After this latest series of tests, if I had to choose one card today for a new machine, I'd have to go with the GeForce2 MX... but what I really want is a GeForce2 Ultra* or GeForce3 or a more radical Radeon. I admit it. I'm a pig. Oink, oink!

If you are looking to buy a faster graphics card for anything but the newest G4 Power Macs, your best option is the ATI Radeon Macintosh Retail Card in either AGP or PCI version. (See WHERE TO BUY below.)


*The four versions of nVidia GeForce chip set are GeForce 2 MX, GeForce 2 GTS, GeForce 2 GTS Pro, GeForce 2 Ultra. The MX is a slower, lower cost version of the GTS with SDRAM. The GTS has a faster processor, DDR RAM, and is faster than the Radeon. The GTS Pro and Ultra are overclocked versions of the GTS (the memory and processor are faster). The Ultra goes for about $500 right now. (Info provided by a reader whose initials are S. C.)

Only the MX chip set is compatible with Macintosh so don't expect to see any GeForce Ultra or GTS for the Mac. Hopefully, we'll see a GeForce3 Ultra for the Mac in the near future. (Rob-Art)

Related Speed Tests

InnerMac has a most excellent comparison of the Radeon versus GeForce2 MX.

MacWorld Labs has their own comparison of the GeForce to the Radeon and RAGE 128.

HARDOCP.com has an interesting comparison between the Radeon and the GeForce2 GTS on a Windows PC.


Test Specs & Procedures

There were two test machines but both were an
Apple G4/466 Power Mac minitower with 384MB of RAM, 30GB or 40MB Maxtor hard drive. Graphics cards tested included the GeForce2 MX (32M), RAGE 128 Pro (16M), and Radeon (32M). All three cards use the AGP slot. The GeForce2 and RAGE 128 had ADC & VGA connectors. The Radeon had a DVI and VGA connector since it was the retail version.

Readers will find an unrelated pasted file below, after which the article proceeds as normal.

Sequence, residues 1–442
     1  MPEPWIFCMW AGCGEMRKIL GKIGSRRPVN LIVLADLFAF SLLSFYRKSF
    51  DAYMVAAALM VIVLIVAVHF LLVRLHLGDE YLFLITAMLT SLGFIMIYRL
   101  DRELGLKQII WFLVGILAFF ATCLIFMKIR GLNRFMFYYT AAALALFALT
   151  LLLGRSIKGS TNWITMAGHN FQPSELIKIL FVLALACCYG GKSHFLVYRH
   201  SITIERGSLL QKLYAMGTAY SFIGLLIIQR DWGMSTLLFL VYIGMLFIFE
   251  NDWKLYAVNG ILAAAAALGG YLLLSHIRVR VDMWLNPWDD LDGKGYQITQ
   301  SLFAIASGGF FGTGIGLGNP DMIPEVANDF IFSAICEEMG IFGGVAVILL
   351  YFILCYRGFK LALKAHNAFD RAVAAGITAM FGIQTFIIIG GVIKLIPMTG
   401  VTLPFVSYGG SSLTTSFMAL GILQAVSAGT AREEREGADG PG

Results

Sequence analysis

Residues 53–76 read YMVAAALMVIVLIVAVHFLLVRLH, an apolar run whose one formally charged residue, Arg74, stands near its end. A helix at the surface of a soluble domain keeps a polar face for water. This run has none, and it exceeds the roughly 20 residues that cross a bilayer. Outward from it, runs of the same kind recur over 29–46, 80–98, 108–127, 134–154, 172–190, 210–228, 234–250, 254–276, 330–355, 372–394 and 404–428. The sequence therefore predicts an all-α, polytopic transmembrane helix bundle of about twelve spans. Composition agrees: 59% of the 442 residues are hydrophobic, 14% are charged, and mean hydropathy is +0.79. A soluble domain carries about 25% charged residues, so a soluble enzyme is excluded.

The Sony VAIO desktop was added to the mix on January 29th. I chose to test model PCVRX250DS because it had a GeForce2 MX and 133Mhx bus speed like the new G4 Power Macs. It came with 1GHz Pentium III, 128MB of 133MHz RAM, 60GB ATA/66 hard drive, 16X DVD, 8X CD-RW, 2 PCI slots, 3 USB, V.90 modem, and 10/100BaseT Ethernet for $2099.

Id Software's
Quake III Arena (Build 117) was used at four TEST SETTINGS:
"Fastest", 640x480 , 32 bit
"Normal", 800x600, 32 bit
"High Quality," 1024x768, 32 bit
"Maximum" ("High Quality" with Geometric Detail set to HIGH and Texture Detail set to Maximum), 1280x1024, 32 bit.
TEST METHOD: When the main screen appears, I press "~" and enter "timedemo 1" (return) and "~" once more. Then I click on DEMOS and run Demo1. Once it finishes and returns to the main screen, I press "~" once more to get the frames per second readout.

Adobe Photoshop 5.5 was given 200MB of application size. The test file was a 27 MB Photoshop photo. I zoomed in at 400 percent after doing a rotate, Gaussian blur, and flashlight lighting effect. I timed how long it took to scroll from top to bottom using a stopwatch. (Screen set to 1024 x 768 x millions)

Maxon Cinema 4D 6.1 is an award winning 3D modeling application. I used the "scene2.c4d" document from their Cinebench 2000 benchmark application. I hit "PLAY" button and timed how long it took to "fly" through the "Hall of Columns" using a stopwatch. (Screen set to 1024 x 768 x millions)



Many thanks to the University of Hawaii Outreach College and Campus Bookstore for the use of the first G4/466. And many thanks to Mac Made Easy of Honolulu for the use of the second G4/466. And thank you to ATI for the use of the retail Radeon test card.



LATEST RESULTS translated into FRENCH by MacGeneration.

LINKS to SPEED tests on other web sites


DOWNLOADS that add more SPEED



© 2001 Rob Art Morgan.
"BARE facts on Macintosh speed FEATS"
Feel free to email , the webmaster and chief mad scientist